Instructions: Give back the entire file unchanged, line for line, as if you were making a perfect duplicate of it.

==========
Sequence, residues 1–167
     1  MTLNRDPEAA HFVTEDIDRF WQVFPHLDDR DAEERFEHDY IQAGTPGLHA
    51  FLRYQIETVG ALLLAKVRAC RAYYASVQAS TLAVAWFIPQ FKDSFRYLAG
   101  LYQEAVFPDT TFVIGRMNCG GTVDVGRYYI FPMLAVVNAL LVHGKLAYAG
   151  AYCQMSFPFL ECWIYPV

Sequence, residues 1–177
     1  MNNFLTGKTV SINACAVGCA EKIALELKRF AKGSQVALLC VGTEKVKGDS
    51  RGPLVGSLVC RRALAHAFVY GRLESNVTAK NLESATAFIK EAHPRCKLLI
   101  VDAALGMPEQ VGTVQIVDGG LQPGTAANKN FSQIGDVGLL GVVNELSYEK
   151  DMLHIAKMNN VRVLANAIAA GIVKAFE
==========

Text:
Sequence, residues 1–167
     1  MTLNRDPEAA HFVTEDIDRF WQVFPHLDDR DAEERFEHDY IQAGTPGLHA
    51  FLRYQIETVG ALLLAKVRAC RAYYASVQAS TLAVAWFIPQ FKDSFRYLAG
   101  LYQEAVFPDT TFVIGRMNCG GTVDVGRYYI FPMLAVVNAL LVHGKLAYAG
   151  AYCQMSFPFL ECWIYPV

Sequence, residues 1–177
     1  MNNFLTGKTV SINACAVGCA EKIALELKRF AKGSQVALLC VGTEKVKGDS
    51  RGPLVGSLVC RRALAHAFVY GRLESNVTAK NLESATAFIK EAHPRCKLLI
   101  VDAALGMPEQ VGTVQIVDGG LQPGTAANKN FSQIGDVGLL GVVNELSYEK
   151  DMLHIAKMNN VRVLANAIAA GIVKAFE